MEDICARE: DOMESTIC SECURITY
MEDICARE: DOMESTIC SECURITY
St. Louis Post-Dispatch: Americans have a love-hate relationship with Medicare, the federal health insurance program for the elderly. Those covered by the plan love it. Conservatives and free-market ideologues hate it.
So despite satisfied patients and unquestioned success, Medicare remains under relentless assault. Critics argue that it's too expensive, out of date and inefficient. To some extent, they're right (more on that later). But on the really big question -- what to do about it -- most critics are racing headlong in the wrong direction: toward privatization.
President Bush again added his voice to the critical refrain last week. He released a sketchy plan to "modernize and improve" Medicare. It would use the growing demand for a prescription drug benefit to fundamentally remake the program.
Bush's proposal drew a lukewarm response from Congress. Even members of his own party recognize that the $400 billion Bush would spend on a drug benefit over the next decade is insufficient. During that time, Medicare recipients will spend $1.8 trillion on prescription medicines. Bush's $400 billion, even coupled with billions more in potential savings, would cover only about a quarter of that cost. That's a Band-Aid, not a benefit.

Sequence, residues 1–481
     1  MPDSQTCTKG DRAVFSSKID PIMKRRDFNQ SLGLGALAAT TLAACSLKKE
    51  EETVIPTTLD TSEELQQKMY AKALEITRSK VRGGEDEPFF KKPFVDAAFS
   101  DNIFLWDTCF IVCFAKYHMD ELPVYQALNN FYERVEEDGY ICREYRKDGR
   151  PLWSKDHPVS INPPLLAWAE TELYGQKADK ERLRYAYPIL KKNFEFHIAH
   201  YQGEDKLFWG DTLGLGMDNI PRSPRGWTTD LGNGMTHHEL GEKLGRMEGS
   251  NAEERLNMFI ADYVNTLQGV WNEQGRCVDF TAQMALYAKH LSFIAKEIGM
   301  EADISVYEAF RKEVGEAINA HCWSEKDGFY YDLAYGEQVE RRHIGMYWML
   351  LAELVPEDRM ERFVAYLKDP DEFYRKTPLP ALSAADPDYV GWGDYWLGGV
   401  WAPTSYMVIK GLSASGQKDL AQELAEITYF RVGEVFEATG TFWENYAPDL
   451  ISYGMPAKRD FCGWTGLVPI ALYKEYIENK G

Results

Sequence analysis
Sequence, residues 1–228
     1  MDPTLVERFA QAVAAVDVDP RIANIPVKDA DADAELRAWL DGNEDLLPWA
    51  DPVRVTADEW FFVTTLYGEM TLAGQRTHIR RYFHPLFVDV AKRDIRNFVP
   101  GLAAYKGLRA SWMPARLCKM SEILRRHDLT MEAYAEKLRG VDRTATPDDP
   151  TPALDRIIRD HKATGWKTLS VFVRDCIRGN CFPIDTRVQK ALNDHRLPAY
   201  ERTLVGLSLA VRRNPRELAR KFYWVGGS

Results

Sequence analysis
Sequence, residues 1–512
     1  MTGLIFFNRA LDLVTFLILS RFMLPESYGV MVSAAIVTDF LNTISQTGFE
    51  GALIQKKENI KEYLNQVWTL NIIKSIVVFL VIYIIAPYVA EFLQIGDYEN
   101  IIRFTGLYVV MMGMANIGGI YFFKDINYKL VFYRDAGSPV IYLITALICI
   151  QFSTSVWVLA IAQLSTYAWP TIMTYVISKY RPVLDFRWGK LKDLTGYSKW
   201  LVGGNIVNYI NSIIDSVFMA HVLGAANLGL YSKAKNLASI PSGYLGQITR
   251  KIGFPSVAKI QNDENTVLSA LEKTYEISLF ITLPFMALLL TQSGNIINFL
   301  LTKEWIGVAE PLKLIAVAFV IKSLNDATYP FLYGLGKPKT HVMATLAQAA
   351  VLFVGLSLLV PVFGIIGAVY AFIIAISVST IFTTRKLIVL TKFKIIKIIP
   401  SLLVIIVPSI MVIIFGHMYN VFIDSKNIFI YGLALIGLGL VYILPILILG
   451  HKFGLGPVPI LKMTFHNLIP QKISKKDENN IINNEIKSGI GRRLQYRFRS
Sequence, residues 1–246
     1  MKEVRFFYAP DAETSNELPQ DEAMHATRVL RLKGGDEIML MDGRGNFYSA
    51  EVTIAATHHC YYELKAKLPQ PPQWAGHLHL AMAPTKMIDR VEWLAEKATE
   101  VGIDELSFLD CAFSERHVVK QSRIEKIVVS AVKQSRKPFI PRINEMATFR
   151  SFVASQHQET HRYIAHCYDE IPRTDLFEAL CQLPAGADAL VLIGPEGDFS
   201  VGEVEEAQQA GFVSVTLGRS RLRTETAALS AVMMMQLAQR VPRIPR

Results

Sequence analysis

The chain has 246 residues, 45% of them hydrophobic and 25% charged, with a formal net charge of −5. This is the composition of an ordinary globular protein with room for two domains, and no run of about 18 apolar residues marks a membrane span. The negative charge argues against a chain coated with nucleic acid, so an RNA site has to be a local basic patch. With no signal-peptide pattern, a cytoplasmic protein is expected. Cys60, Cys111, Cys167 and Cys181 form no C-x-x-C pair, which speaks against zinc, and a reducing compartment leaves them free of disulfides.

Nor can Bush honestly claim that we don't have enough money to add a real drug benefit. He has already pushed through a $1.35 trillion tax cut, which would have covered nearly a decade's worth of prescription drugs for Medicare patients. Now he's asking for another cut of $1.3 trillion.
Despite their moment of clarity, congressional Republicans share many of the same faulty assumptions as Bush. They are opposed by congressional Democrats who feel a sacred duty to protect an obsolete model for delivering health care.
Bush and his Republican colleagues are correct; Medicare needs to be modernized. It doesn't cover most preventive care. It doesn't cover prescription drugs. And it doesn't lend itself to new treatment approaches like the systematic management of chronic diseases. Congress can -- and should -- change all that. But the changes can be accomplished without privatizing Medicare.
Democrats are also right to argue that there are no magic formulas for saving money. Bush's reform "framework" illustrates the dogma of many conservatives that the private sector does a better job of holding down health spending.
That's not true, as corporate benefits managers can attest. Per-person health spending by government and the private sector has increased at about the same rate over the past decade. But millions of private-sector workers have lost coverage as the cost of insurance crept upward, and most others have been forced to pay an ever-larger share for drugs and medical care.